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Vale Peter Ryan

Sunshine Coast Council Mayor Mark Jamieson has paid tribute to a true community champion, Peter Ryan, 77, of Caloundra, who recently passed away.

Mr Ryan was a founding member and chair of the Sunshine Coast Access Advisory Network for more than a decade, providing a strong voice and advocacy for people with a disability.

Mayor Jamieson acknowledged Mr Ryan’s commitment and determination to the community on many fronts.

“I am very saddened to hear of Peter’s passing and on behalf of our council, express my sincere condolences to his family and friends, including his long-term friend and carer Kay,” Mayor Jamieson said.

“Peter provided critical input to many council projects including the Bulcock Street Caloundra streetscape design, on-site testing of Caloundra mobility maps as well as contributing to the development of Council’s Access and Inclusion Action Plan 2011-2016.  

“Peter actively participated in the community engagement program to develop the Sunshine Coast Community Strategy 2019-2041 and also contributed to council’s disaster recovery program as a member of the Local Human and Social Recovery Sub-group.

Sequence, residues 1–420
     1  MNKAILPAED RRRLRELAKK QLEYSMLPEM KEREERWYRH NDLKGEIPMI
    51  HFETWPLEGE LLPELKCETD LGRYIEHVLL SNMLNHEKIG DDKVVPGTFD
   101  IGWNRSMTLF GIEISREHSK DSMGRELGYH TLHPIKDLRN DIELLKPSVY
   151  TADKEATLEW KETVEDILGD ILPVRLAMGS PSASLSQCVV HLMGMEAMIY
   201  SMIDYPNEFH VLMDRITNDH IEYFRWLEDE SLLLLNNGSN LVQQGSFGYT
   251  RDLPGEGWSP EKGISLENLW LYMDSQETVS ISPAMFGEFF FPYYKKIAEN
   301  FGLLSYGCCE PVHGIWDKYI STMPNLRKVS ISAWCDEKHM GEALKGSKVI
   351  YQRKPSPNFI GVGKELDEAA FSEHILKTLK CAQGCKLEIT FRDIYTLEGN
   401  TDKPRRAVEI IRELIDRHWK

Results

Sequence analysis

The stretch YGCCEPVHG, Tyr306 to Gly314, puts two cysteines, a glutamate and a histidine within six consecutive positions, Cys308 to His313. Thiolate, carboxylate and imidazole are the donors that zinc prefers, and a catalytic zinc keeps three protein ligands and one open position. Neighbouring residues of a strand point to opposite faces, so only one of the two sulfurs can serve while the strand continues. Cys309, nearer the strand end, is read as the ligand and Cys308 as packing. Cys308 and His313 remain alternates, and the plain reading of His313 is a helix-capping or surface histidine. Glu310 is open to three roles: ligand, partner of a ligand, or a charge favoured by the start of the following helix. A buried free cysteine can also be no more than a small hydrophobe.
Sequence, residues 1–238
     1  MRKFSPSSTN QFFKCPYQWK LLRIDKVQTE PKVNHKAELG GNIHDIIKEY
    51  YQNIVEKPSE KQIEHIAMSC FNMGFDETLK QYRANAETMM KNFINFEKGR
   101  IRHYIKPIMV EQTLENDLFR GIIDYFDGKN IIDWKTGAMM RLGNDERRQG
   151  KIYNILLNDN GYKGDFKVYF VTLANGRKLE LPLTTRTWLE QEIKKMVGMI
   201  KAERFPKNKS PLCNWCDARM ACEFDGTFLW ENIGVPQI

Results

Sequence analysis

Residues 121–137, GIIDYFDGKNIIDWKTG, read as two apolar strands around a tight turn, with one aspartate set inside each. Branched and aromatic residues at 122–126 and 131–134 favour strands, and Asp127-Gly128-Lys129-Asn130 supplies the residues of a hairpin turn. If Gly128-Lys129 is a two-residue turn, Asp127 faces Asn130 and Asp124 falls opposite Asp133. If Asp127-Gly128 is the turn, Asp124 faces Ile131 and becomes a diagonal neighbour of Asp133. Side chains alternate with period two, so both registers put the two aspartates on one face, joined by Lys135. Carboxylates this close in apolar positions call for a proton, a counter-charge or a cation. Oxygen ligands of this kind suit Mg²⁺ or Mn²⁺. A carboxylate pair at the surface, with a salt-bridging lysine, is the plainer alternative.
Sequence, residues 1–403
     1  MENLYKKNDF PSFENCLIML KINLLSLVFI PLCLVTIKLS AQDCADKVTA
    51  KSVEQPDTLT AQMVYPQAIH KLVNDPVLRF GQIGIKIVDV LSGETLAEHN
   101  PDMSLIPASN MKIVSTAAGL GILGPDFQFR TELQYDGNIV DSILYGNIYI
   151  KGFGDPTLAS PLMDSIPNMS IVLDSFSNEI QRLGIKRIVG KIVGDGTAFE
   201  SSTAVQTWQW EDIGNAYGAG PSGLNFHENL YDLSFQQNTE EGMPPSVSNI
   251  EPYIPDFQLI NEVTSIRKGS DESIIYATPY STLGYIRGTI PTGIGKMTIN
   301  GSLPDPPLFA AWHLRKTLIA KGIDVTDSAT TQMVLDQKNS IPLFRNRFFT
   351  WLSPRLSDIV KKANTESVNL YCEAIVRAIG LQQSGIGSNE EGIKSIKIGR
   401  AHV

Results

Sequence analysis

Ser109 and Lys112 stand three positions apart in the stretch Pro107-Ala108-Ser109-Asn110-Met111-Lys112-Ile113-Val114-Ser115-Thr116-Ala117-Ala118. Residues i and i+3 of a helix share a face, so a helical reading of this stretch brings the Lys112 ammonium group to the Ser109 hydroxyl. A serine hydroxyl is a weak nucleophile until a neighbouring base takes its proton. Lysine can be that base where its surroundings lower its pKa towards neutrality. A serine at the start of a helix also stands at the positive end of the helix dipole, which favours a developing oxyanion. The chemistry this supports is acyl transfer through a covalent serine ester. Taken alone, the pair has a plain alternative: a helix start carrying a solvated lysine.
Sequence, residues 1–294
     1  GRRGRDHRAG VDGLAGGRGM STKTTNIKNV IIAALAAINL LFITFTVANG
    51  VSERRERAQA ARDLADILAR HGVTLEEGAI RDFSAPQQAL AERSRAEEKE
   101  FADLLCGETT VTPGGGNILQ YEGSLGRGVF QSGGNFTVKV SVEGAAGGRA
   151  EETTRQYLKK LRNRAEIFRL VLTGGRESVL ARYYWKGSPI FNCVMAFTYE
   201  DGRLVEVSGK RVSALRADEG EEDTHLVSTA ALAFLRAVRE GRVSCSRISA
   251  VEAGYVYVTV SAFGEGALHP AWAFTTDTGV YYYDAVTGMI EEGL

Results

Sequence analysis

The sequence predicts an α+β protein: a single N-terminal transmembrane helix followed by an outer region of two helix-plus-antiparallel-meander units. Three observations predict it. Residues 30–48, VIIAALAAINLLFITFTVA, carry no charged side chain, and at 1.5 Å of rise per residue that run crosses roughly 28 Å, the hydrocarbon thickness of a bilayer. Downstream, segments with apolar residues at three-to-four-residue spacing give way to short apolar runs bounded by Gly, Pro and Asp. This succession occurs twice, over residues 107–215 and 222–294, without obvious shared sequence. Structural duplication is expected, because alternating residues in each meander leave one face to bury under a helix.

“He participated in council’s disaster management exercises and provided valuable and practical advice to council’s evacuation centre program to increase accessibility support during disasters. This led to a large number of infrastructure modifications at key venues.

“Just last year Peter was nominated for a Sunshine Coast Australia Day Award in the Senior Citizen of the Year category.

“We cannot thank Peter enough for his contribution to the Sunshine Coast and we hope his actions leave a lasting legacy and continue to inspire others for many years to come.”

In his 2020 Australia Day nomination, Peter Parks wrote of Mr Ryan’s health challenges that led to his life path changing.

“As a bricklayer and builder with his own business, life dramatically changed for Peter in his early 40s when as a consequence of his diabetes, he lost his sight,” Mr Parks said.

“He was sent to Queensland Guide Dogs and was accepted into the program. He left with his dog Virgil who was to be his companion for the next 14 years. He hoped that with his guide dog by his side, he would be able to find work, but found people were very reluctant to give any paid work to someone with a disability.

“He found a calling as a counsellor with Lifeline and spent the next 18 years counselling people on the end of a telephone on a voluntary basis.

“Some of his achievements were not noticed by many without a disability, but for those with a disability, Peter and the team have made a huge difference.

“If we had more individuals with the courage and determination of Peter Ryan, as well as the generosity of spirit, the world would be a much better place.”

Mr Ryan passed away on 3 May after a long illness. A memorial was held today, Thursday 13 May.

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